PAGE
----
Before You Rescue A Cat or Dog… Do This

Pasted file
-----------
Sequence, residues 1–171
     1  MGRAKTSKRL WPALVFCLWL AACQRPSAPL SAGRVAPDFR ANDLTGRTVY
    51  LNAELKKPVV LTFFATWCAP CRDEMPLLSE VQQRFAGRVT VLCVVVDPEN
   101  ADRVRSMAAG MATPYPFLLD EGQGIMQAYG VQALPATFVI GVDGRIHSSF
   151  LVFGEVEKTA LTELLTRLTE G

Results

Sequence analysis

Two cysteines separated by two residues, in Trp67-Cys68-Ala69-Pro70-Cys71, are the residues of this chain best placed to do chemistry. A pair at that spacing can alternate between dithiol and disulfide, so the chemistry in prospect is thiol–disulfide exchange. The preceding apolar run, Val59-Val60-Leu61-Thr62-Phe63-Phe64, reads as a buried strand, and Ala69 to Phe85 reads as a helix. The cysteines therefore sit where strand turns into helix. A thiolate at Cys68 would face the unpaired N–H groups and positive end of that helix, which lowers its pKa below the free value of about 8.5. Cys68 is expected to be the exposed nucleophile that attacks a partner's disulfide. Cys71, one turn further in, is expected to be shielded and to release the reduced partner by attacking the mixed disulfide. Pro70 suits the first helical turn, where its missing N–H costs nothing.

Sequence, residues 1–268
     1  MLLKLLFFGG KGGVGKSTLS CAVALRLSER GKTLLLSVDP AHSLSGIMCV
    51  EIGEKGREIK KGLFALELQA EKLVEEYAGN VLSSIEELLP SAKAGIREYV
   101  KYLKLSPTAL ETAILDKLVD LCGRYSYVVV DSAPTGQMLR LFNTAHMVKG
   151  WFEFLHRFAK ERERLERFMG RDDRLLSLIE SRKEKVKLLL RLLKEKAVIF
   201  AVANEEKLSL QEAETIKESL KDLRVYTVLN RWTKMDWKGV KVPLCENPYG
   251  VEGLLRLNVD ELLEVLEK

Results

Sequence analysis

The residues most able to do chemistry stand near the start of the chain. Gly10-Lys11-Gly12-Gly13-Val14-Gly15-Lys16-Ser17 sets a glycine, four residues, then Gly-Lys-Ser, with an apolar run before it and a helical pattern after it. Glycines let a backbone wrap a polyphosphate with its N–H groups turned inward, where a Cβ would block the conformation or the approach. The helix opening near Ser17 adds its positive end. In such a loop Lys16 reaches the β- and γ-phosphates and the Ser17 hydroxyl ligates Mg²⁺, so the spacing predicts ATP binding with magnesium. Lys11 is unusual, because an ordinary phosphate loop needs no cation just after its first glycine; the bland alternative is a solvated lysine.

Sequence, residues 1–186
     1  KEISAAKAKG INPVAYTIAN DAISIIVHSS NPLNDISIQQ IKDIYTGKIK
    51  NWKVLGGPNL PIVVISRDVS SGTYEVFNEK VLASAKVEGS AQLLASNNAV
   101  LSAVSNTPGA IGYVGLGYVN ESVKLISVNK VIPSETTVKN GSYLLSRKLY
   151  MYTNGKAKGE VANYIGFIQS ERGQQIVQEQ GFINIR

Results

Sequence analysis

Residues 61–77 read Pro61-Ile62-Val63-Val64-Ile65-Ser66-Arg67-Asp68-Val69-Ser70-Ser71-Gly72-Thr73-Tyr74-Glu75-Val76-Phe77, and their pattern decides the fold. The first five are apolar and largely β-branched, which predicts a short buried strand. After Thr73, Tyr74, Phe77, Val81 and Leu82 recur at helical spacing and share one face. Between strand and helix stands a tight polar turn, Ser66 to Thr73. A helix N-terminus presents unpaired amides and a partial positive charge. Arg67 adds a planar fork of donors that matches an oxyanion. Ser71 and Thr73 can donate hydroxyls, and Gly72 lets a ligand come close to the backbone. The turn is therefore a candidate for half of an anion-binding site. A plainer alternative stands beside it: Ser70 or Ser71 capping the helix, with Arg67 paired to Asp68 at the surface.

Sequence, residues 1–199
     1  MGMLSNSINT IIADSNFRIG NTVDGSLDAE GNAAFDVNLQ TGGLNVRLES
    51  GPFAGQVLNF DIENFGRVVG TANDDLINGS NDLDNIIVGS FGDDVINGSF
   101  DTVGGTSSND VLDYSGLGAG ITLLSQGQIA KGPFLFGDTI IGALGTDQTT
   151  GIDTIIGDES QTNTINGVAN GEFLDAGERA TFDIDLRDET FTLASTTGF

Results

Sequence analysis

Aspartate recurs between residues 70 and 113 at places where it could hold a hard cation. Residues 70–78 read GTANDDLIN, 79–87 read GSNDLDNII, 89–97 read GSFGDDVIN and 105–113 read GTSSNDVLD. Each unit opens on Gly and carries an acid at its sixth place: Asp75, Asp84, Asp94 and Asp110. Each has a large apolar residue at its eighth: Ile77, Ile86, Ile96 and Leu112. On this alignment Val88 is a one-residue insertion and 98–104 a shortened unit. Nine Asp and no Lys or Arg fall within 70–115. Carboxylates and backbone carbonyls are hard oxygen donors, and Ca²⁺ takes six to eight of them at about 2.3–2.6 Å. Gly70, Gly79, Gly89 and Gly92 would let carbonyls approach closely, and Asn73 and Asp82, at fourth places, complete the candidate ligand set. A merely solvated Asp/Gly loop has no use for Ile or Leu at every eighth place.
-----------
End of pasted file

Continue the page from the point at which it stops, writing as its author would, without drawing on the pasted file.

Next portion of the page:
What do you want to think of first when you rescue an animal? First of all, thank you for rescuing an animal. I think it’s awesome that you’re doing that. If you “rescue” an animal from a pet store or from a flee market, you didn’t rescue the animal. You just bought it from somebody who’s gonna sell more. So don’t do that. Go to a rescue. Get the animal there and everybody’ll be happier. Do you want a cat or a dog? That’s the first thing you probably have to think about. With dogs there are a couple of things you need to think about. Lifestyle is number one. What do you want from a dog? What do you want to be doing with this dog? Is it a dog that you’re going to be hiking with? Is it a dog that’s gonna be hanging around your house and just cuddling with you all the time and maybe going out for a couple of walks a day. Is it a dog that you’re going to be using to pick up chicks? I don’t know? For instance, an older person who doesn’t get out and exercise a lot probably does not want to get a puppy that’s super high energy. That’s going to be a bad fit. And nobody’s going to be happy with that. If you have kis you might want to think about getting either a puppy that you can train to be used to kids and being comfortable around kids or if you rescue an adult dog really checking on to make sure this dog is comfortable with kids. Kids aren’t always acting like adults and especially toddlers and little kids they look like just drunk humans and are weird. Dogs don’t like it sometimes. So you gotta be really sure that they’re really comfortable with it. If you have kids it’s a good idea, maybe not to take the kids on the first time. Go and look at the animals first. See what you think might be good and when you go back to visit, another time, take the kids with you. But the more research you can do the better. Probably the second most important thing is to have a game plan for the whole family. Just making sure that all the rules of what you’re going to have this dog be doing everybody agrees on it. Is the dog gonna be all out on the bed? Is the dog gonna be allowed on the couch? Yes or no? Is it going to be living inside? Is it going to be living, once in a while, outside but mostly inside because they should be living inside mostly, especially here where it gets really hot in Southern California. There are a lot of benefits to getting an adult dog versus a puppy. People always like to get the puppies because they are super cute and there’s a lot that you can do as far as training a puppy and socializing it into what you want it to be. However, with an adult dog there are plenty of benefits. Number one, What you see is what you get. Another words, they’re not going to change there personality a whole whole bunch. So you can pretty much know what you’re going to be living with. With a puppy that’s not always true. A lot of adult dogs that you get at the shelter are already trained. I can’t tell you how many times people go bring in a dog and they’re like, “I don’t know it came there and it already knows how to sit and down. And it’s already potty trained.” Third thing is size. You know how big they’re going to be. Sometimes with the puppies, you go to a shelter and you get this little puppy and you’re like, “Oh it’s the cutest little chihuahua puppy” that ends up being 45 pounds. With an adult dog you don’t have that. You know what it’s going to be. With an adult dog, a lot of people are afraid that they’re gonna get this dog and they’re not potty trained. If an adult dog is not potty trained it really doesn’t take it any longer to potty train than it does a puppy. And in fact, probably less time. They pick up on things fast. As soon as you give them the new rules they’re cool with it. I think with rescuing a cat there are probably some different questions you want to ask then with a dog. There are of course, adult versus kitten. and kittens are, of course, adorable but they are more work than adults. Probably the most important thing is how is this cat going to fit into your household. One thing to think about is what cats get adopted more than others. surprisingly color plays into that a lot. And especially black cats. Black cats are adopted much less commonly than other cats. Which I don’t understand why. Black cats are just fine. A lot of people ask me about rescuing animals and behavioral problems in general. Are cats more prone to having behavior problems than dogs? I would say no. A lot of cats There are just too many cats for the the world, at this point. There aren’t enough homes for the cats that we have and they end up at shelters. But the behaviors aren’t necessarily more difficult to train out. A lot of what you do with a cat is going to, as far as dealing with behavior problems is going to be prep work. You want to make sure that you know where this cat is going to be staying and you do everything you can to make sure that that cats new home is going to be a comfortable home for it. Thank you for watching. If you’d like to know what to do with your rescue dog or cat, keep watching.